The ways to achieve a fundamental understanding of the two-phase flow inside the absorber tube with measuring technique procedure are limited. One interesting way is to observe the flow with a wire-mesh sensor. The sensor, which is situated at the cross-section of the absorber tube, delivers high definition data of the distribution of steam and water in time and space. This information can be used to validate flow pattern profiles, which characterizes the water-steam boundary layer as e.g. "stratified", "wavy", "slug" or "plug". Furthermore, the average steam mass fraction in the cross section can be determined based on the set of measuring points . The different flow patterns result in different heat transfer properties on the inside of the tube and thereby determine the "cooling" of the pipe.
The wire-mesh sensor, developed by the HZDR, is based on a matrix-like arrangement of the measuring points. It comprises two planes that are installed perpendicular to the flow direction with a small gap between the planes. On each plane, wire electrodes are arranged in parallel and the planes are perpendicular to each other. This gives a grid of electrodes in the axial perspective, which covers the entire cross-section. The transmitter electrodes are sequentially activated while all receiver electrodes are parallel sampled, in such a way, that the electrical conductivity of the fluid is evaluated in each crossing point. The measured current depends on the local instantaneous conductivity of the fluid at the virtual crossing point. In case of water, a current is measured at a crossing point between transmitter and receiver electrode due to the electrical conductivity of water. A current cannot be measured when a steam bubble encloses a crossing point. The receiver currents are converted to a voltage and subsequently to a digital signal, which is transferred to the measurement PC. Here, the instantaneous void fraction is determined for each crossing point. All local instantaneous void fractions in the cross-section of the pipe are collected in a frame. The wire-mesh sensor achieves a maximum temporal resolution of 10000 frames per second.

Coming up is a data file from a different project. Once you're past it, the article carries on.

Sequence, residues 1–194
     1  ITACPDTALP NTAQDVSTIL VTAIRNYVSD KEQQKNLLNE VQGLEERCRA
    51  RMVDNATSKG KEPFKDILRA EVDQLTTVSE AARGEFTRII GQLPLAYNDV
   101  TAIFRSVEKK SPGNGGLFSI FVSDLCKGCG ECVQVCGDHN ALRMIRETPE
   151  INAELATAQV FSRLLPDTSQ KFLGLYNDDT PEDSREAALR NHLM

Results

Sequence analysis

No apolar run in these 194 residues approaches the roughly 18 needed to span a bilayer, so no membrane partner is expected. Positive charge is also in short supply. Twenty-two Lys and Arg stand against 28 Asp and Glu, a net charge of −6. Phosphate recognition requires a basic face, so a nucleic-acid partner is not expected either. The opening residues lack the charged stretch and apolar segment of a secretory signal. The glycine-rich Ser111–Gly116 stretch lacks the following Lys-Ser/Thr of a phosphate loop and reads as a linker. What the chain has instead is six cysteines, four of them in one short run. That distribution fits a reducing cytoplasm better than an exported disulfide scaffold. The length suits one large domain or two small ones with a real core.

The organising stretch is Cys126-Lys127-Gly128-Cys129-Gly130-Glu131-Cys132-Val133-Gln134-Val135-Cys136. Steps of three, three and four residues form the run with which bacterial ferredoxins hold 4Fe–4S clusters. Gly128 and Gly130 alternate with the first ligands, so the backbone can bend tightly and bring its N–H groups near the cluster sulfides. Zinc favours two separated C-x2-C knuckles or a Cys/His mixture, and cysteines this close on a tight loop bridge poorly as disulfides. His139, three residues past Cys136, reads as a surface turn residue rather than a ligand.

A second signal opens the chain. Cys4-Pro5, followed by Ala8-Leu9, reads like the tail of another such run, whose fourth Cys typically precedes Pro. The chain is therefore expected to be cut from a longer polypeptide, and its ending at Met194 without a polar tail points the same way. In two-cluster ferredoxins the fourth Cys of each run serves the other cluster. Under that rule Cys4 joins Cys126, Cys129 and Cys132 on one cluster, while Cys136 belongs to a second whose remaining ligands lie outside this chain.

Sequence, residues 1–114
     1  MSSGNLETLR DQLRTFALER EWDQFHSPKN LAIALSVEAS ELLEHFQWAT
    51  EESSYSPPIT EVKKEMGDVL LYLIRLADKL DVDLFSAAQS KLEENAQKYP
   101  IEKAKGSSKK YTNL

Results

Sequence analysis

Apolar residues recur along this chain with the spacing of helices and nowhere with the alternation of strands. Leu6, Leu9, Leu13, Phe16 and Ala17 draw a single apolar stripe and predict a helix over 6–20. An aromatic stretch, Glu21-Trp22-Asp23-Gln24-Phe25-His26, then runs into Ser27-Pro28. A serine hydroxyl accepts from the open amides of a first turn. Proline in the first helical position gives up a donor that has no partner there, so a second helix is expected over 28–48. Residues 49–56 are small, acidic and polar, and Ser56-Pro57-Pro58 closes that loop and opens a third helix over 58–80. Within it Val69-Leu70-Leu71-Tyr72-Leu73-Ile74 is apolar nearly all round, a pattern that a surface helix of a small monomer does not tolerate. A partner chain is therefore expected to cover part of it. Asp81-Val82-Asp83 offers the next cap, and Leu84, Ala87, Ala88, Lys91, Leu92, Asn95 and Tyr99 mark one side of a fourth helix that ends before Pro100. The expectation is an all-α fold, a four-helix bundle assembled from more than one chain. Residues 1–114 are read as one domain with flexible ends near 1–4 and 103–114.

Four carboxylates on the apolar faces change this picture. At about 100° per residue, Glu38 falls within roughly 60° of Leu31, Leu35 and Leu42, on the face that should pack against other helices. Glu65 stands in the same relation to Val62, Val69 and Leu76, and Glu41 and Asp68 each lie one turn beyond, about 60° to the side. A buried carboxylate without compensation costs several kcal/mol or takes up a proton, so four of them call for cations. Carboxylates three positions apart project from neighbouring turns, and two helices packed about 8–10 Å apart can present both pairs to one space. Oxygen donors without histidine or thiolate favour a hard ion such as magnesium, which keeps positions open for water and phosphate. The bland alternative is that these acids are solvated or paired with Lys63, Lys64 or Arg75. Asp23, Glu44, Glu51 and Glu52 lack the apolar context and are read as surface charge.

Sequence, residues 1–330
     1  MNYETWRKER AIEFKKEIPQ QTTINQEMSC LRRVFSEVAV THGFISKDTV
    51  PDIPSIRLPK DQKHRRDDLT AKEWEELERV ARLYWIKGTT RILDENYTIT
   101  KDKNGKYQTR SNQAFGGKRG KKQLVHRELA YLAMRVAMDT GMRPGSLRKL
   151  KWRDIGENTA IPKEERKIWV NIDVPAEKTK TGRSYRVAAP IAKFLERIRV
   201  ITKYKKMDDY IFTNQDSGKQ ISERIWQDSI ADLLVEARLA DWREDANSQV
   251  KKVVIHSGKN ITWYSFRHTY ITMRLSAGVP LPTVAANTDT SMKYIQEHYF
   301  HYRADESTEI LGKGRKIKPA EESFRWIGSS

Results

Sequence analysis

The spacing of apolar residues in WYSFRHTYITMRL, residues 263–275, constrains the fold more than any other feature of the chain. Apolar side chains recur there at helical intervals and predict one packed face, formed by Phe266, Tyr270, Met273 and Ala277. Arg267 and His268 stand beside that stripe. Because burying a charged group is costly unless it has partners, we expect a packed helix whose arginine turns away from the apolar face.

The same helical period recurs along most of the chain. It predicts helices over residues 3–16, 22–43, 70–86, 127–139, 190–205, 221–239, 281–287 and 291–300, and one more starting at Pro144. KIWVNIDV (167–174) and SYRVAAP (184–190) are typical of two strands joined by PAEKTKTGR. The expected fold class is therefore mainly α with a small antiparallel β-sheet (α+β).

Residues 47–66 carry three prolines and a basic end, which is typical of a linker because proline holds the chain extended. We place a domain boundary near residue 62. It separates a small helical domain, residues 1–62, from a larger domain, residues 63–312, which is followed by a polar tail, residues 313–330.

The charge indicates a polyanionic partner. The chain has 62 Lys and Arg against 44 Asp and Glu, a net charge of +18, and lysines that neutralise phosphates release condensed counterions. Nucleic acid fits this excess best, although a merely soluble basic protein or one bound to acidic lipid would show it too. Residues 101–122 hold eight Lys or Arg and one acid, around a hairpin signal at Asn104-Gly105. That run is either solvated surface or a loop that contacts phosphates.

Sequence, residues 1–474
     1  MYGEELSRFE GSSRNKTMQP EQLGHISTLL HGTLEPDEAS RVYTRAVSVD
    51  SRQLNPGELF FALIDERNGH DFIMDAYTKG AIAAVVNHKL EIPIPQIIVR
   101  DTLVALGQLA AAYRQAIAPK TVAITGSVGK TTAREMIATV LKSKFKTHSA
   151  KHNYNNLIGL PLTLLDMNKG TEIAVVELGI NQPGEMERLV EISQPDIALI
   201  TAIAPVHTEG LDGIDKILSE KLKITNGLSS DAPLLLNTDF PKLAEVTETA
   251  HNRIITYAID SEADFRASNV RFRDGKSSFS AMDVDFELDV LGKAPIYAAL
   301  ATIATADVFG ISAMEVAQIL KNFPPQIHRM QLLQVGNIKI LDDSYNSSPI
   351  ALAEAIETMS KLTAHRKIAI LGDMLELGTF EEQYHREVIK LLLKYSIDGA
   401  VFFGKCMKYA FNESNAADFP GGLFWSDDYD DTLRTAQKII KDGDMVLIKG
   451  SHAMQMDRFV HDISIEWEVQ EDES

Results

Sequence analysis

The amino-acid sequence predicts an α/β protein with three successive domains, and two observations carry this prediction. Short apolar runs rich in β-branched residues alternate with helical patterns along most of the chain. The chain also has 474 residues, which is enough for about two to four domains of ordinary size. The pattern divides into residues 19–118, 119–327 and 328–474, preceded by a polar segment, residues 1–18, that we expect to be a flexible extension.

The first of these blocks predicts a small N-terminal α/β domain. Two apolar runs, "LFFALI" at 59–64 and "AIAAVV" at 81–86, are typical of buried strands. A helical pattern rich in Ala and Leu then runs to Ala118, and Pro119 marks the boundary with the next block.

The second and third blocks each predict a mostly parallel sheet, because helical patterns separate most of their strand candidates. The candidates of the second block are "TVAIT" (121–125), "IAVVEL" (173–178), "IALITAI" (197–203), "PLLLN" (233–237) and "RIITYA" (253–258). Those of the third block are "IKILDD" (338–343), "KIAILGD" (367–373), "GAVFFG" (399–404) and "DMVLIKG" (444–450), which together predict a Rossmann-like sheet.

Experiments measuring conductivity with a wire-mesh sensor were conducted at the direct steam parabolic through plant at Plataforma Solar de Álmería in 2016. The sensor was exclusively designed and delivered by HZDR for the tube dimension at site. The experiments were carried out in collaboration with DLR, HZDR, and Spanish CIEMAT.
Two exemplifying videos from the measuring sequence are shown. The first video shows the event of a water slug at the wire-mesh sensor. The water surge flows towards the observer and fills for a short while the whole tube. The second video shows a wavy flow. The crooked wave fronts propagate periodically along the tube axis, just like waves rolling on the ocean towards a beach.
The procedure can be utilized to develop the basic understanding of the two-phase flow, but also to validate the function and confirm made assumptions when working with prototypes. The application areas stretch from direct steam solar fields with operating pressures of 100 bar or more down to process heat units with low operating pressures.